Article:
landscape, something marketed these days as the perfect antidote to urban
English stresses, has, over the years, been on the sharp end of many
withering put-downs from across the border, especially when it has given
commentators an opportunity to conflate its perceived shortcomings with
those of the Welsh people as a whole.

As can be seen throughout the text, some Welsh people themselves have
not been averse to echoing the haughtiest put-downs of the English, and,
where appropriate, I've included them. Not included here are the attitudes
of the Welsh to England and the English - that, I suspect, is another book,
for another day and another author. The bulk of the examples examined
within this book are from the last couple of centuries, although the roots
of the intemperate cross-border exchanges are deep in even earlier times.

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As someone who aspires to live in beautiful Wales and remembers how cottages owned by English people in the 1980s were torched, I thought this might give me some insight into the English/Welsh relationship. Mike Parker, who used to live in Worcestershire, now lives in mid-Wales and has learned to speak Welsh so has first-hand knowledge. He has also co-authored the Rough Guide to Wales). It makes for quite a sobering read when you consider how the English have treated the Welsh over the centuries and can help you appreciate how the Welsh feel about the English. A worthwhile read, I'd suggest, for both nationalities.
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The underlying sense of distrust that most Welsh people have for the English is usually just a feeling. A deep-rooted something in the national psyche that's difficult to pinpoint even though it's been there since childhood.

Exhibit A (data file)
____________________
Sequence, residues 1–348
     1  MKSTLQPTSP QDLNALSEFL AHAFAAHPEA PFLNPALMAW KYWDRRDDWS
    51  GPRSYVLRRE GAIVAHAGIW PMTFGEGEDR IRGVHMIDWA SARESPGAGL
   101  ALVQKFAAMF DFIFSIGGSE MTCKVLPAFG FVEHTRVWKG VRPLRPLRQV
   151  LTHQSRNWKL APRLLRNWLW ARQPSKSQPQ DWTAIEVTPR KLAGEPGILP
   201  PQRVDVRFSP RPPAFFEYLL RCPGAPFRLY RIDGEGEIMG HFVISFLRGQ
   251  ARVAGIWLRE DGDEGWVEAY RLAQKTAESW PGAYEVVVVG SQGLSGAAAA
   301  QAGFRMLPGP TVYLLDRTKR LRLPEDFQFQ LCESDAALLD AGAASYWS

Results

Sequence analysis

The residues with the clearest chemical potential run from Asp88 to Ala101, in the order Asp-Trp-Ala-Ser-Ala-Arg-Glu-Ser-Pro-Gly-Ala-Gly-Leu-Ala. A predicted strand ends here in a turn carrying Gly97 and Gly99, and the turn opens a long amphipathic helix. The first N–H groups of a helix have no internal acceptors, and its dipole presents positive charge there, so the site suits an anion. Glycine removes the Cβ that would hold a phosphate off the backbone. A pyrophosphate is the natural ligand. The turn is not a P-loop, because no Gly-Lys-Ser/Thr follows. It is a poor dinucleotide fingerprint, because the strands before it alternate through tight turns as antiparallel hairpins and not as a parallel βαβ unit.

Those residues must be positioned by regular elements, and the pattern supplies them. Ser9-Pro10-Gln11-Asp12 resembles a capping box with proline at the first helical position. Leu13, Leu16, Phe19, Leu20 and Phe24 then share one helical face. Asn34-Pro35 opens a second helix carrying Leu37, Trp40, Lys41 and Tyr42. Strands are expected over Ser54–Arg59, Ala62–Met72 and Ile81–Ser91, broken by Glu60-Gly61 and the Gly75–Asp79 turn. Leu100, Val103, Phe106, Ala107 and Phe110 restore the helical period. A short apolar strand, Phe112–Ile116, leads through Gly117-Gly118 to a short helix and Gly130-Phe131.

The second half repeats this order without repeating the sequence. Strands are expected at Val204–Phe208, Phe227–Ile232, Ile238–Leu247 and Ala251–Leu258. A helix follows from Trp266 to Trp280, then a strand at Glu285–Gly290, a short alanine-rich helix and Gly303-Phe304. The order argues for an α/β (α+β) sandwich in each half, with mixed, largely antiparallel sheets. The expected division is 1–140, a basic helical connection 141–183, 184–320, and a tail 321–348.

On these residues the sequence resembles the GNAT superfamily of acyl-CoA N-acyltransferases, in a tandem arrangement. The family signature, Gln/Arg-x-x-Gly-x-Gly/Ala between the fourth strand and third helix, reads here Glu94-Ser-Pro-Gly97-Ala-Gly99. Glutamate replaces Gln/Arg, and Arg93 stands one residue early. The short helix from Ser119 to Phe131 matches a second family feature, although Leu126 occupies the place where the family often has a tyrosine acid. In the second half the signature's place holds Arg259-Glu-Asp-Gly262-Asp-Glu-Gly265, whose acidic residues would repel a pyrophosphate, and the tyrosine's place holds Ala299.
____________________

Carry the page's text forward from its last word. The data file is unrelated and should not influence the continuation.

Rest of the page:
This book (written by an Englishman) gives a forehead slap of clarification as to why that feeling is justified. For many English people it should make uncomfortable reading, unfortunately though for many more, it will not.
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This book really is an eye opener for all Welsh people out there and for English people too. It gives an accurate description of the many attitudes the English have had towards the Welsh for centuries. Attitudes towards our language, culture & moral habits. No true Welshman/woman can go without reading this book. A must read for everyone. If you are English and are visiting Wales you might want to read this too!
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This is an intersting book,about English attitudes towards Wales that have shaped the perception of the country within the wider Britain and also, heartbreakingly, among the Welsh themselves. I can see examples of it in the small corner of the Eastern Valleys where I live. There is, I feel, implicit criticism about why the Welsh have not taken a strong stand against the explotation of their country and against the racism and derogism shown to them by the English neigbours, but overwhelmingly this is a book that is written from a Welsh perspective about a Welsh perspective, and narrates an imperialist agenda dating back 1000 years and still prevalent from the English. Ironically, of course, had this book been written by a Welsh person, it's credibility would I feel have been weakened - being subjected to the smae sort of Cymru phobic criticism Mr Parker so effectively decsribes! A worthwhile read for the peoples of both nations.
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An objective appraisal of the residual English colonial attitudes. Sadly not confined to the so called upper classes when many British travel abroad.
Thus suggesting that Wales is foreign as per the meaning of Cymro.